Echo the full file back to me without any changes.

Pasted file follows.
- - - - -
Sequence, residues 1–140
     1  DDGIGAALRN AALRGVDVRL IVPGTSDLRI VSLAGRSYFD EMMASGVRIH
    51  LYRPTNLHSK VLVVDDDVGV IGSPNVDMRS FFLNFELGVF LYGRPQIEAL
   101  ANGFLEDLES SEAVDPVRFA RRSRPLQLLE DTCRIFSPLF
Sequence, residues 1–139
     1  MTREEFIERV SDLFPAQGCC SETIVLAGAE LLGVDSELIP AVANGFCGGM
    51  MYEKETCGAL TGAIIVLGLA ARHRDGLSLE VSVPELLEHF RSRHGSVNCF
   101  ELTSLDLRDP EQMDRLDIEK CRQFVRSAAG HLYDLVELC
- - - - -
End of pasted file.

Sequence, residues 1–140
     1  DDGIGAALRN AALRGVDVRL IVPGTSDLRI VSLAGRSYFD EMMASGVRIH
    51  LYRPTNLHSK VLVVDDDVGV IGSPNVDMRS FFLNFELGVF LYGRPQIEAL
   101  ANGFLEDLES SEAVDPVRFA RRSRPLQLLE DTCRIFSPLF
Sequence, residues 1–139
     1  MTREEFIERV SDLFPAQGCC SETIVLAGAE LLGVDSELIP AVANGFCGGM
    51  MYEKETCGAL TGAIIVLGLA ARHRDGLSLE VSVPELLEHF RSRHGSVNCF
   101  ELTSLDLRDP EQMDRLDIEK CRQFVRSAAG HLYDLVELC